Earth, the Operator’s Manual is a new video program (also available on the PBS website) that gives the best synopsis of the global condition, specifically on trends in population and energy usage. It provides a long-term view of the future and how we may avoid the hard times most of us expect as population peaks and fossil fuel supplies become more scarce and expensive. I hope to write more about it when I get time, but please take a look at this interesting and informative video series.
As always, I welcome your comments. Thanks for your attention to our future. — Tim
Falling birthrates a problem? Someone has lost their sense of perspective. NY Times op-ed columnist David Brooks’ recent piece “The Fertility Implosion” cites falling birth rates in many countries and discusses the difficulties faced by societies in which elderly will significantly outnumber young people. Certainly there will be challenges. While in the US the Social Security program (SS) is expected to continue another 25 years, with relatively small changes needed to change that time to “indefinite”, and most developed countries have better systems for caring for the elderly than the US does, there is still much concern for how the young people are going to foot the bill for those older than them. But how does this stack up against the effects of the current population explosion itself? Continue reading
The US military may be starting to awaken to the realities of the population explosion. Reading the March 9th, 2012 edition of the NDIA (National Defense Industry Association) newsletter I came across an article titled “Panetta Makes It Official: Military Must Become Greener” that gives some insight into the growing concern in the Pentagon about energy supplies for the military. The article mentions a six-year DOD (Department of Defense) initiative aimed at reducing fuel and energy consumption in all areas of the United States military, and it cites some interesting numbers:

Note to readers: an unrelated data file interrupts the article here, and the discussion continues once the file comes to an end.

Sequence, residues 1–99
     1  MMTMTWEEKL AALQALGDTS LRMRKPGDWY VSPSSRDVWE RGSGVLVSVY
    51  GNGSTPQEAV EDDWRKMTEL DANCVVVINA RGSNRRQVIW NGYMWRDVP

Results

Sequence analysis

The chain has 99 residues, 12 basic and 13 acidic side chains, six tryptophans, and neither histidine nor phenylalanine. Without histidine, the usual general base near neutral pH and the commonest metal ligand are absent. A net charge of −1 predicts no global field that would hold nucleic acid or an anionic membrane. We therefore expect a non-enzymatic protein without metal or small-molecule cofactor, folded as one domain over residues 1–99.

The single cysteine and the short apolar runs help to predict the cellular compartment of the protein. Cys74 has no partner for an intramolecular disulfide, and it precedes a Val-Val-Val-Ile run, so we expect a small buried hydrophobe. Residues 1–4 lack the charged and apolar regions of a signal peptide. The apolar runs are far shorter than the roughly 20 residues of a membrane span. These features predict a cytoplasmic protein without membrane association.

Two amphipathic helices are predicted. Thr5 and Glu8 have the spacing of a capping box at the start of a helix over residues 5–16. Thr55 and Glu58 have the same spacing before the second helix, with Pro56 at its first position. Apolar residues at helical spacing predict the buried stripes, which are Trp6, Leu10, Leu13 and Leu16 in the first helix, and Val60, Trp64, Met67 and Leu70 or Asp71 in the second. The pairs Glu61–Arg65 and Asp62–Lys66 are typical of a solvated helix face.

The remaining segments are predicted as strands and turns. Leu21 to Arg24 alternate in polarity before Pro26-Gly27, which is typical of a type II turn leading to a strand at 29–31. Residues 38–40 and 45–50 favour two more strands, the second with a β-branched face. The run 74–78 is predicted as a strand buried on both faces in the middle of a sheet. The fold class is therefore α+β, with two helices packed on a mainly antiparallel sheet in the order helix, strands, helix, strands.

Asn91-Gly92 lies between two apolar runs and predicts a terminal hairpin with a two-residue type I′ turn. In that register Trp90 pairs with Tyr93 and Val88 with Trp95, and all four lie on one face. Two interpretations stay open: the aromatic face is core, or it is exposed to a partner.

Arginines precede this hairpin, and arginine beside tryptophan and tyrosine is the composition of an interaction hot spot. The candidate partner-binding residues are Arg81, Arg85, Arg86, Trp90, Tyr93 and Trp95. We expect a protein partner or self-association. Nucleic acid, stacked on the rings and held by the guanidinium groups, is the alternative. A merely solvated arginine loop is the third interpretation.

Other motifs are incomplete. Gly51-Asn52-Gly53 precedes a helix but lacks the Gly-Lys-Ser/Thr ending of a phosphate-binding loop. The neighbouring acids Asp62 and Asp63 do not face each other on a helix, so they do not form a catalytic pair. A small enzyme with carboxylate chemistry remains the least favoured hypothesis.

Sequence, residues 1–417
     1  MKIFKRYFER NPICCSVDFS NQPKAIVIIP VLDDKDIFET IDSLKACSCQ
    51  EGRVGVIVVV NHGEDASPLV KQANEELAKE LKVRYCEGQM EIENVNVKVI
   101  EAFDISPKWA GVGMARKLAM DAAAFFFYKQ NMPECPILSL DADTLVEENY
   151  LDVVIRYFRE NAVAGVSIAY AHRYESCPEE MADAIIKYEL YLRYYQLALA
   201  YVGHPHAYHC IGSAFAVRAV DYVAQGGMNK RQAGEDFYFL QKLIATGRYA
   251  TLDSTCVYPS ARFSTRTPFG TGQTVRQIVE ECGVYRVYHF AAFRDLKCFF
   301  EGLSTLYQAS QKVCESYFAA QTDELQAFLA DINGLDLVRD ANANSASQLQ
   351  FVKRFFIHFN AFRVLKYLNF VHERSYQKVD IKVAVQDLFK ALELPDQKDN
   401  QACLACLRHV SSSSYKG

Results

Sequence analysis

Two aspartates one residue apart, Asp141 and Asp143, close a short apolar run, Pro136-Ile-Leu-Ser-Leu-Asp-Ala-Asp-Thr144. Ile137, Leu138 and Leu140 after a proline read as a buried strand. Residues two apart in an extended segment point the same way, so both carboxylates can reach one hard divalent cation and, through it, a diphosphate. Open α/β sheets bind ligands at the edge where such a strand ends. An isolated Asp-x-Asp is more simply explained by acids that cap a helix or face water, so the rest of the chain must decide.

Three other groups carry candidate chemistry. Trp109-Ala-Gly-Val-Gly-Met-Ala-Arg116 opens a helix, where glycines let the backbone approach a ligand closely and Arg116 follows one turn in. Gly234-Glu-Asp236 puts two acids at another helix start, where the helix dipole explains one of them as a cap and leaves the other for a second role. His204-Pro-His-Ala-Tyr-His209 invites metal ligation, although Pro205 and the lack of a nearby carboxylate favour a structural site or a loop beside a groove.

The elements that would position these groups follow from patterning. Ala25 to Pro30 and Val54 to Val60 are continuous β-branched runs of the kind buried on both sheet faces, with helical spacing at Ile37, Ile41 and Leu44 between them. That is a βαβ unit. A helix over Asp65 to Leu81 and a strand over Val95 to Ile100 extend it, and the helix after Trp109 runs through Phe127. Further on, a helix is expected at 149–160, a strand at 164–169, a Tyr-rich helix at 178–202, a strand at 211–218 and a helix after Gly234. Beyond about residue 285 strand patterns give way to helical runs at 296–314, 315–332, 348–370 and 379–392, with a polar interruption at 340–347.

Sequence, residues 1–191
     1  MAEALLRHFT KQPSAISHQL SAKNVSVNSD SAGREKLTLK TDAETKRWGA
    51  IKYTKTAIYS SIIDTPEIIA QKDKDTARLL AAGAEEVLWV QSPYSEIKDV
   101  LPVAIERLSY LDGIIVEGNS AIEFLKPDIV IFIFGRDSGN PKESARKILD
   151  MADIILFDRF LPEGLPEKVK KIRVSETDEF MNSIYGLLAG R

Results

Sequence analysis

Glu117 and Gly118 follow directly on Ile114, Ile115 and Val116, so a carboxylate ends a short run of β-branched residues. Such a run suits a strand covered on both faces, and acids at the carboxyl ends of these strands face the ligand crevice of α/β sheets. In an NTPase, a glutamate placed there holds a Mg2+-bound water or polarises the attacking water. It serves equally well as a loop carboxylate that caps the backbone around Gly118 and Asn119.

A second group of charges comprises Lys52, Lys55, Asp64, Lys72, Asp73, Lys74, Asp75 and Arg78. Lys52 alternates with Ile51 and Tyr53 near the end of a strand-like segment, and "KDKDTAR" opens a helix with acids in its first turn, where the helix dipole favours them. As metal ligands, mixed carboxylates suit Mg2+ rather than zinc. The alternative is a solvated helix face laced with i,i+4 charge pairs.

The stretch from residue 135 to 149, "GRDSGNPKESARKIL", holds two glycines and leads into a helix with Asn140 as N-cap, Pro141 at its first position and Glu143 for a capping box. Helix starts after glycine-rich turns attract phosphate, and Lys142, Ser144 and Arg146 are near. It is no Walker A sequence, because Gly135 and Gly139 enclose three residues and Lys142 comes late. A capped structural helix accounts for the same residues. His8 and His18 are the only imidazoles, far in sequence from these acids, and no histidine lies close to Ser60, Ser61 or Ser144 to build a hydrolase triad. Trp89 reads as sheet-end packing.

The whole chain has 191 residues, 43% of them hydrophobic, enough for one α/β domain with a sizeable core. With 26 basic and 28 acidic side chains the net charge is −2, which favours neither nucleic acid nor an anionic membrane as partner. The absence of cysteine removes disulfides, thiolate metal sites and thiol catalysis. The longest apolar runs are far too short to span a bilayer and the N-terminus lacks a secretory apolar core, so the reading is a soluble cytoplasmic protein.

– More than 400 forward bases in Afghanistan currently consume between 250 and 7500 gallons of fuel each every day, depending on their size
– Large military bases consume around 50,000 gallons of fuel per day
– The U.S. military consumes 50 million gallons of fuel per month in Afghanistan
– The military just purchased 450,000 gallons of biofuels for testing, its largest purchase of biofuels ever
– The U.S. military consumes less than 2% of the nation’s fuel supply
All of this got me thinking about all the facilities and equipment using that fuel. 50 million gallons per month is a staggering amount. What will happen when money and fuel run short as the population peaks (with attendant economic upheavals), and begins to decline, which could occur as soon as 2040? Continue reading
We invented our way into this situation. Many of our past inventions made life easier, food more plentiful, etc., and enabled population growth. When anything threatened to kill us off, we fought it with creativity and developed technologies to deal with it. Except for those inventions specifically aimed at killing people or managing our birthrates (the Chinese “One Child Law“, for example), our inventions have permitted us to thrive and propagate more and more effectively, and to increase our numbers at faster and faster rates. The problem we perceive now is that sooner or later the needs of our unchecked population will exceed available resources. This would seem a normal pattern for any life form, but there are plenty of examples where animal birthrates slowed inexplicably in the face of food shortages. That makes it seem that humans have lost the instinct for avoiding population-driven catastrophes, which leaves our fate up to us. So just how smart are we? Continue reading